As the holiday season approaches, merchants’ biggest concern is the customer experience – ensuring that customers’ encounters with their business are friction-free and pleasant, with the ultimate goal of securing conversions and long-term customers. Challenging in its own right, offering a seamless customer experience is made more difficult in light of constantly-changing customer expectations.
Here are some ways merchants can adapt behind the scenes to meet customer needs and preferences this holiday season and, of course, to optimize their results.
Today, no shopper is 100% protected from the threat of a data breach, but security should be a top concern of every merchant. Data breaches do not only damage the merchant-customer relationship and a business’s reputation; they also incur hefty expenses for the merchant. When consumers dispute fraudulent charges, the merchant loses the money from the sale and is charged additional chargeback penalty fees by its payment processor. This can amount to large losses.
While security technology can be expensive, it is a worthwhile investment in the long run for retaining customers and turning a profit over the holidays.
Make it Happen:
Online: Make sure your fraud detection technology is up to snuff. Many anti-fraud technologies enable merchants to automatically flag purchases from certain locations or above certain amounts, allowing for further review to make sure that no fraudulent purchases are approved.
In-Store: Consider upgrading your payment terminals before the high-traffic holiday season. As of October, merchants in the United States can upgrade their POS hardware to EMV compliant terminals to shift fraud liability and prevent fraudsters from skimming card data for online purchases.
Move to Mobile
In the past year there’s been a lot of hype about mobile and even wearable payments. Be ready for customers who might want to test out paying with their phones – either online or in your physical store. According to eMarketer, consumers are already using their phones as part of the shopping experience: 85% of consumers use their phones to research products and prices in-store , and 29% of e-commerce purchases in the U.S. are made on mobile phones .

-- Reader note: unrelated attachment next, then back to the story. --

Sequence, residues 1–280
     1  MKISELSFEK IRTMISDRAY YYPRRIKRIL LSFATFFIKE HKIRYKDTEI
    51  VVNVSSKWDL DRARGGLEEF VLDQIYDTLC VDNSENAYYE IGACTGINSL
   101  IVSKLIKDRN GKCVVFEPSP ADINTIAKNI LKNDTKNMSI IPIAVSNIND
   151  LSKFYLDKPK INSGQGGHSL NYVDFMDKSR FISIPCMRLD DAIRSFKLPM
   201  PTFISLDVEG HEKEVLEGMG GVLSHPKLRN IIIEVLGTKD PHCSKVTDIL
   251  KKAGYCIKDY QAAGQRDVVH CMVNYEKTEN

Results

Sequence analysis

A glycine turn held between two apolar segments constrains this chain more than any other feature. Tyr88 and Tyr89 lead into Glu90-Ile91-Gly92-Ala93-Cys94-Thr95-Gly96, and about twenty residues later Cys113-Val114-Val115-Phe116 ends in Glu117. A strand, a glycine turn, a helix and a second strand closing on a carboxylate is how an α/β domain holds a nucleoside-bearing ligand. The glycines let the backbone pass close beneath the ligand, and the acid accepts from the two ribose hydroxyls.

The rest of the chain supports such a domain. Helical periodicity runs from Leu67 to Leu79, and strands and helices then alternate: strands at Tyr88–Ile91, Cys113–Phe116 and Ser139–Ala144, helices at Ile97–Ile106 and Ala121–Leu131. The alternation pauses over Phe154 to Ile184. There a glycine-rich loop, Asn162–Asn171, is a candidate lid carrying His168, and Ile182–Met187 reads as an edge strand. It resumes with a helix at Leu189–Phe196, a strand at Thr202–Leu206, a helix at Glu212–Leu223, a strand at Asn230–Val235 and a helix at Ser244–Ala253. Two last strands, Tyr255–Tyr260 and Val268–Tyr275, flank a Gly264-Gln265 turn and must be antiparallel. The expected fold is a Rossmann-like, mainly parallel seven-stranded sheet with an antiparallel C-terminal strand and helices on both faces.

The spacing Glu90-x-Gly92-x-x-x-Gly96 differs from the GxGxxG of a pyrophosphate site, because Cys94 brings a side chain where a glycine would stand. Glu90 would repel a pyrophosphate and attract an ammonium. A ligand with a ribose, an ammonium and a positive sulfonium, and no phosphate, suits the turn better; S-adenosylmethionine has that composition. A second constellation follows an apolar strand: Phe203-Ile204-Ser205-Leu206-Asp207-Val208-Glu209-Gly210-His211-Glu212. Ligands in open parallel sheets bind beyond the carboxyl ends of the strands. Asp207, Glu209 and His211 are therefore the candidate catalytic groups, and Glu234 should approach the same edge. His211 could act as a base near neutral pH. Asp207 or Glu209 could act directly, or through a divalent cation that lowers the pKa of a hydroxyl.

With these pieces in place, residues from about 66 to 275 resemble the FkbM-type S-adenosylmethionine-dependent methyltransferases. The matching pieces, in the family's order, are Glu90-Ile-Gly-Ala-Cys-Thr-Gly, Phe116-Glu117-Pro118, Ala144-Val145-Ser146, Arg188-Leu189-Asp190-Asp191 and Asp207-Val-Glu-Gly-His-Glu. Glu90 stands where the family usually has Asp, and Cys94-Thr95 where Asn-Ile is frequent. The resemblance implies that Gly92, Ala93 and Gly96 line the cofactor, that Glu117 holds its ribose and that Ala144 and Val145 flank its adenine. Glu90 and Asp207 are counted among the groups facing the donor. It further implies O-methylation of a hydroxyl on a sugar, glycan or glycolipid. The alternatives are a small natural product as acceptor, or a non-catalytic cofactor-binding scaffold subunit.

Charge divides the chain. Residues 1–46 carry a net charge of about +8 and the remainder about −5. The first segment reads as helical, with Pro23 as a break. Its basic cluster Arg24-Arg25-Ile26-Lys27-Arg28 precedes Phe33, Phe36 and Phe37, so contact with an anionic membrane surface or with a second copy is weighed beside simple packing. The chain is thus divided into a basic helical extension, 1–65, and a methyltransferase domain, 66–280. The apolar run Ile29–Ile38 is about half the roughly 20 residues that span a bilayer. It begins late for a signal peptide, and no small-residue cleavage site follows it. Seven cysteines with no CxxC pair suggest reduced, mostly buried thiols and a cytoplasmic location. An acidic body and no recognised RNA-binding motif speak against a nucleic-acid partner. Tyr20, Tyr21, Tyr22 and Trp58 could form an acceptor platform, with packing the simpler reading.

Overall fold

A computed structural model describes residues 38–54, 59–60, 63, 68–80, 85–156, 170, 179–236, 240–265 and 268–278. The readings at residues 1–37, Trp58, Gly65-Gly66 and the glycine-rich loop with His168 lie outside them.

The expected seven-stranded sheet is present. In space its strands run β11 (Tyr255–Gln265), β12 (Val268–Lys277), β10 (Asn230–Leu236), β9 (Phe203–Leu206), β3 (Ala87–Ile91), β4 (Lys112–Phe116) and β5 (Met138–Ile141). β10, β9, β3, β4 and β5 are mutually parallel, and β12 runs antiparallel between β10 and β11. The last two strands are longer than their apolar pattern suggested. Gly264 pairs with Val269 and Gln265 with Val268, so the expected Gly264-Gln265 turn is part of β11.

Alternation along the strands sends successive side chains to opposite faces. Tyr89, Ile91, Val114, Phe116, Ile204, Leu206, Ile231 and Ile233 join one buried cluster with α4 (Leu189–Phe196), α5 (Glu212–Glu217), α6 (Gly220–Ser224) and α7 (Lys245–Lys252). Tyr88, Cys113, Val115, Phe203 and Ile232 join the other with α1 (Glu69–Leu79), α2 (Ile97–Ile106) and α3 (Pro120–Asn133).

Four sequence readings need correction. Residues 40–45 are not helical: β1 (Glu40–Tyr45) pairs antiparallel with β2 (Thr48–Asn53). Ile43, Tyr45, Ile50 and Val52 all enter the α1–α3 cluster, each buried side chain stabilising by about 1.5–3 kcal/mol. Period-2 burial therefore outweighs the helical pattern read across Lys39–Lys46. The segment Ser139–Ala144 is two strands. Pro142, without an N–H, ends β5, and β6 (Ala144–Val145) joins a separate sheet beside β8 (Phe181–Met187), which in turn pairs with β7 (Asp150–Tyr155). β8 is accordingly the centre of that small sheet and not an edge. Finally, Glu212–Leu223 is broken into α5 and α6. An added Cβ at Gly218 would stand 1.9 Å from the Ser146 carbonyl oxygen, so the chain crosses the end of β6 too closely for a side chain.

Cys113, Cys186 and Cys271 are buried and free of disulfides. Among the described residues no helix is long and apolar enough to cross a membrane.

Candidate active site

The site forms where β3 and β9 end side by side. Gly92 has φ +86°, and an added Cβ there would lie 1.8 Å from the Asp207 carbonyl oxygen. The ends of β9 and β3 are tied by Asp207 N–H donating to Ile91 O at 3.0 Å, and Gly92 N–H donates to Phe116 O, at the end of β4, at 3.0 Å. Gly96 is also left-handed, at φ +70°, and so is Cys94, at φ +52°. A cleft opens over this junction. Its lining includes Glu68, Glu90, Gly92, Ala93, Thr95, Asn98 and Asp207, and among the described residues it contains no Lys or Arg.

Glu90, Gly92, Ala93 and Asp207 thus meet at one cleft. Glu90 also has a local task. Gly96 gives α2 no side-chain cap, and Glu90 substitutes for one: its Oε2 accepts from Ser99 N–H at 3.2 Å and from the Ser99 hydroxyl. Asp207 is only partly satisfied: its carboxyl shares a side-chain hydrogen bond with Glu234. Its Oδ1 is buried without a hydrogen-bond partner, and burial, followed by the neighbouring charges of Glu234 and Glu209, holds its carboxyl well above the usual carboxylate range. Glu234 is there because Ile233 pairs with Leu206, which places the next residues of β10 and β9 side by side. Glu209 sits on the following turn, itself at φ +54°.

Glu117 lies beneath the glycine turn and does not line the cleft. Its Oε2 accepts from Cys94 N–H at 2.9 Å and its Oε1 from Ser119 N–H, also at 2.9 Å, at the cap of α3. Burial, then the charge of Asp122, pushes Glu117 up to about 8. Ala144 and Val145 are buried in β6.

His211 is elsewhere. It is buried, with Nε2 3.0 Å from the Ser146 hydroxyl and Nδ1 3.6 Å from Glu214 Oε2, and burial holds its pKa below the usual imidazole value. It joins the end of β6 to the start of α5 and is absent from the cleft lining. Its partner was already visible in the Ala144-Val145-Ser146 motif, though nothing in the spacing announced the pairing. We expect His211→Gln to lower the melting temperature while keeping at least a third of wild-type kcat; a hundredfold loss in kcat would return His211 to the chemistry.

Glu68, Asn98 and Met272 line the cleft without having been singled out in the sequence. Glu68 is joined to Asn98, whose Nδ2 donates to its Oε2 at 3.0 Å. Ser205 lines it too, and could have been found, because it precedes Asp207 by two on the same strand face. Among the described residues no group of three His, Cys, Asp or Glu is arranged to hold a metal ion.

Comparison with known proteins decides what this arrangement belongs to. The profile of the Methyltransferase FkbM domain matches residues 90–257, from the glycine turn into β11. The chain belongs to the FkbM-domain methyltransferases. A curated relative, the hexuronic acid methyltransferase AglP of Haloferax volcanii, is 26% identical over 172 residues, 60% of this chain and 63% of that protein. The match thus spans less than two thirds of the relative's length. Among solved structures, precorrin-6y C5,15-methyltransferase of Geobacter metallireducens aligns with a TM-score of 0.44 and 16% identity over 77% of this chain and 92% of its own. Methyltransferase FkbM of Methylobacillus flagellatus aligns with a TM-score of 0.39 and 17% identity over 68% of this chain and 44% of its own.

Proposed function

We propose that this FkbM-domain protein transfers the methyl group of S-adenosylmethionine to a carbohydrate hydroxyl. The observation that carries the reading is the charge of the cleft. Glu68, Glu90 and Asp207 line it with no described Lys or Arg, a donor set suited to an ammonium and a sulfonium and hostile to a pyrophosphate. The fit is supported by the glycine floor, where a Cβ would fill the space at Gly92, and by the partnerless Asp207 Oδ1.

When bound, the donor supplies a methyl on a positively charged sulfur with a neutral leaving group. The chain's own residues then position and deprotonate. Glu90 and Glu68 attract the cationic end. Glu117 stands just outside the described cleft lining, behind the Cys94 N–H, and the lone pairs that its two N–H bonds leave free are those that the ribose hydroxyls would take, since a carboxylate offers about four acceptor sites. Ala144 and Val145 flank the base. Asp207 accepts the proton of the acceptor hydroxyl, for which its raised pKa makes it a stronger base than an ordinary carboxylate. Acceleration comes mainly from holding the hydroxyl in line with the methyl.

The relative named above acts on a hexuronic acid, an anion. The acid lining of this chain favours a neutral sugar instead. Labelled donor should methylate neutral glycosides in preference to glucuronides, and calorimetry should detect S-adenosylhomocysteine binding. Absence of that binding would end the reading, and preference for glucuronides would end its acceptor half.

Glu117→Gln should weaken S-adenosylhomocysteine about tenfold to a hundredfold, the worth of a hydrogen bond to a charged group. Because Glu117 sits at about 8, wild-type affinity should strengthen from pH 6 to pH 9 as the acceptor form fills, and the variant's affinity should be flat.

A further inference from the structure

Make it Happen:
Online: If you haven’t yet, make sure your ecommerce website is optimized for mobile, so shopping on one’s phone is easy and comfortable. Make sure your checkout mechanism enables you to remember past customers, so shoppers aren’t forced to resubmit payment details on their phone – this can lead to frustration and abandoned purchases.
In-Store: If you’ve invested in contactless terminals to accept mobile wallets in-store, make sure you’re ready to use them quickly and efficiently. Just because consumers are excited by the prospect of mobile payments, that does not mean they will necessarily know how to pay by phone. As such, be sure to brief your employees on how the payment process works, so they can help expedite customer checkout.
The holiday season is also a busy time for tourism. If you are looking to attract more international customers as December rolls around – whether to your e-commerce site or your local store – it is crucial that you take the time to understand the multicultural audiences to whom you will be selling. Depending on where your customer is based, shopping holidays are different, as are expectations regarding promotions, products available, and even checkout processes.